Leigh Drogen decided to start his company, Estimize, when he saw an opportunity to aggregate vast amounts of information from equity research analysts who provide earnings forecasts for thousands of companies.  From quarter to quarter, equity analysts provide earnings estimates based on their own research.  They often update their forecasts during the quarter, right up until the company makes a formal earnings announcement.

Investors who rely on earnings forecasts and updates have had to aggregate by themselves the views, opinions and forecasts from dozens of analysts.  For example, investors with a stake in Microsoft stock will want to know how analysts assess the company and project its earnings and stock price. They might attempt to compile the numbers of many analysts.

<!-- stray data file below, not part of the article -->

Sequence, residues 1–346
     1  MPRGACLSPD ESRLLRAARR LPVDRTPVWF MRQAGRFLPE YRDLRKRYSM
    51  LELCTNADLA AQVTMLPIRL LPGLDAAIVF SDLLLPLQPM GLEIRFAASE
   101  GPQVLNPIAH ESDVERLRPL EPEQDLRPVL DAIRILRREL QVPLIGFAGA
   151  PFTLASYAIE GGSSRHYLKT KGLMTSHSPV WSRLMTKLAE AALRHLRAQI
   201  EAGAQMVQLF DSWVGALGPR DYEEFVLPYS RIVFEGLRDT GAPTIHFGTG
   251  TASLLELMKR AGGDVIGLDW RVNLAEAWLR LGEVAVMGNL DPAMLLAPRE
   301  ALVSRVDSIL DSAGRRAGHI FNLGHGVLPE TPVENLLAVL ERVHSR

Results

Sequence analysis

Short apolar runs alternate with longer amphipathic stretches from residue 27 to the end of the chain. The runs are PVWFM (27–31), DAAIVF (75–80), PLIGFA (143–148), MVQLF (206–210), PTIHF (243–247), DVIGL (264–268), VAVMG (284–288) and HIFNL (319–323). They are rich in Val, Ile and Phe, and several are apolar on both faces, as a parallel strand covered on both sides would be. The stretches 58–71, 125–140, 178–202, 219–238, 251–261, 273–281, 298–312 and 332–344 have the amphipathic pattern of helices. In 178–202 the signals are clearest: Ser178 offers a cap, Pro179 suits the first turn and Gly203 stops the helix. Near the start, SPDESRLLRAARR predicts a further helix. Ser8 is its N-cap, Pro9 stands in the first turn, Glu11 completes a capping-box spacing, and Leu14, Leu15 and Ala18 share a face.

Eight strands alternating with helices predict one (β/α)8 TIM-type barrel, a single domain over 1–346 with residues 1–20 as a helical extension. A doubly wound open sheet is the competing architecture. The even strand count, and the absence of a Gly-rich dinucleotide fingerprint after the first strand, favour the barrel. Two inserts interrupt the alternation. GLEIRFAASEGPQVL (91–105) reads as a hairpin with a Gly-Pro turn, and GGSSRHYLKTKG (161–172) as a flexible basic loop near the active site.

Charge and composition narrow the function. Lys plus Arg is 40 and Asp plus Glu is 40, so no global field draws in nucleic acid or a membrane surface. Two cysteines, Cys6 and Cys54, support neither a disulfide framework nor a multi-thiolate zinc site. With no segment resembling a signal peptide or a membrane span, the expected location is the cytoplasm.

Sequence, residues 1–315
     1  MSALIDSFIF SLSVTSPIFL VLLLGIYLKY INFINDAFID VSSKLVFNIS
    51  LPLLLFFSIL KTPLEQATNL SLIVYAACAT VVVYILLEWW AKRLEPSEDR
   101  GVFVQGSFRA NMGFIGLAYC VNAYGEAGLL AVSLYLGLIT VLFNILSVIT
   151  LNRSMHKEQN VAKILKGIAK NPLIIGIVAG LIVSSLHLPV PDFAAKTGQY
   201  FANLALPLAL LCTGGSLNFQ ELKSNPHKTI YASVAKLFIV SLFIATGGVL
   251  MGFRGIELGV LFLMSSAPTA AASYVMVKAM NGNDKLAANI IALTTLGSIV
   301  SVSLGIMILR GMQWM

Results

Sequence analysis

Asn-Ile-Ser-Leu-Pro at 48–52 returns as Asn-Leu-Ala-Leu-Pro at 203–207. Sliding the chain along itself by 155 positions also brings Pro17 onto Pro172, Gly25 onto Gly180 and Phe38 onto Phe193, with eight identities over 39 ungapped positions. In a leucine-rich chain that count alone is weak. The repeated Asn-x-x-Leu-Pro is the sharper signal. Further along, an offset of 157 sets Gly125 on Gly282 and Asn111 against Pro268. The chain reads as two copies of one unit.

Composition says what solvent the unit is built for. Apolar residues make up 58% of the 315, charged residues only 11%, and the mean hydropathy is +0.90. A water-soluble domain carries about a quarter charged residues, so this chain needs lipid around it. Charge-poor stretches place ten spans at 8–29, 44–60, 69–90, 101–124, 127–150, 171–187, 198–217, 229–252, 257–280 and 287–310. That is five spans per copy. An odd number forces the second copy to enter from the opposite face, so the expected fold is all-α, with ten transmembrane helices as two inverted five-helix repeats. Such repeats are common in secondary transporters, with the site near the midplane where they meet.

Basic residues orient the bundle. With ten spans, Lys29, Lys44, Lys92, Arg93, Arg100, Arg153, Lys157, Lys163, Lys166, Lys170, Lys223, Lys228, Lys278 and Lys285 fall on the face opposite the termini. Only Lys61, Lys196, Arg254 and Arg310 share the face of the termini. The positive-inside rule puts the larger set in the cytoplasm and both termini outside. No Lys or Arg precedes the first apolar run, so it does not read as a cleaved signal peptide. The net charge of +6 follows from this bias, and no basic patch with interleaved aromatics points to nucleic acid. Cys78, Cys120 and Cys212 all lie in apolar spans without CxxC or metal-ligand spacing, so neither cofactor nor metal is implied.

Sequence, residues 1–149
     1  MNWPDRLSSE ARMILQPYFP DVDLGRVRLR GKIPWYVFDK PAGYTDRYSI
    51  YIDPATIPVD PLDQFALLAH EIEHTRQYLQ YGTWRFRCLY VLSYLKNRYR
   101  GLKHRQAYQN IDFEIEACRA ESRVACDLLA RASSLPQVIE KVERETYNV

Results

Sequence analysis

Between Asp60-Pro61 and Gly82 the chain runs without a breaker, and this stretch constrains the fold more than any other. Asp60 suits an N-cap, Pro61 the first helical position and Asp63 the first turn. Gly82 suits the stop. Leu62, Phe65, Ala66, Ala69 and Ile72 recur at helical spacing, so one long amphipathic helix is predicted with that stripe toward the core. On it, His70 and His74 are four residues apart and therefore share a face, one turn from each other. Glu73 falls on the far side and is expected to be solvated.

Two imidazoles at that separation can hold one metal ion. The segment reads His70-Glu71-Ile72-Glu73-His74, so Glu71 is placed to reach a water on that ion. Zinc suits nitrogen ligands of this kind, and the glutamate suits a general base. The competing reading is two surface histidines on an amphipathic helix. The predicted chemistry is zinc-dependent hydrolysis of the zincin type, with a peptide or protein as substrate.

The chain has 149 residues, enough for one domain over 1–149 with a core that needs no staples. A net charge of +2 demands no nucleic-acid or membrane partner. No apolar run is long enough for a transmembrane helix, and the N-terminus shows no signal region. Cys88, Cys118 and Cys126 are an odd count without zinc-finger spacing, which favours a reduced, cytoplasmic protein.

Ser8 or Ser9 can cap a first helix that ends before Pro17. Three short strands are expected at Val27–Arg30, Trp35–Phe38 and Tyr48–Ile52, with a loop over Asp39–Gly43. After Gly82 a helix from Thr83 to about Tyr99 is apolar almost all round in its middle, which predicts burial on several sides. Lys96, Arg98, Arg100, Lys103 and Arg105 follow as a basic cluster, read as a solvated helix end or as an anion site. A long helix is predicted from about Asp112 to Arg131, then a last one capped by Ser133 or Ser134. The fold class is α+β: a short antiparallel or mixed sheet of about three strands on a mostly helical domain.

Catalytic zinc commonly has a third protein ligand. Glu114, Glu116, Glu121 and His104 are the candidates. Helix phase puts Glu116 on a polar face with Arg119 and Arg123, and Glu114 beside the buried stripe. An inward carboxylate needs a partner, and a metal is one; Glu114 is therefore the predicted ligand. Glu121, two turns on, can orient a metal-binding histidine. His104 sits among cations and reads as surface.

Estimize uses technology to do it faster and more easily.  It aggregates the projections and earnings estimates for about 900 companies, compiling information from over 3,500 analysts who send information to the firm. The firm presents a summary of the analysts' forecasts. In describing his firm, founder Drogen says it has an "orthogonal" (independent) approach to providing earnings estimates for companies and explained that the firm is "Wikipedia"-like in providing information to clients. 

Estimize also provides estimates or projections of macroeconomic factors (e.g., interest rates, economic growth), based also on aggregates from research analysts.

Hedge funds and fund investors comprise most of its client base now.  The company, three years old, has 10 employees and is based in New York and San Diego.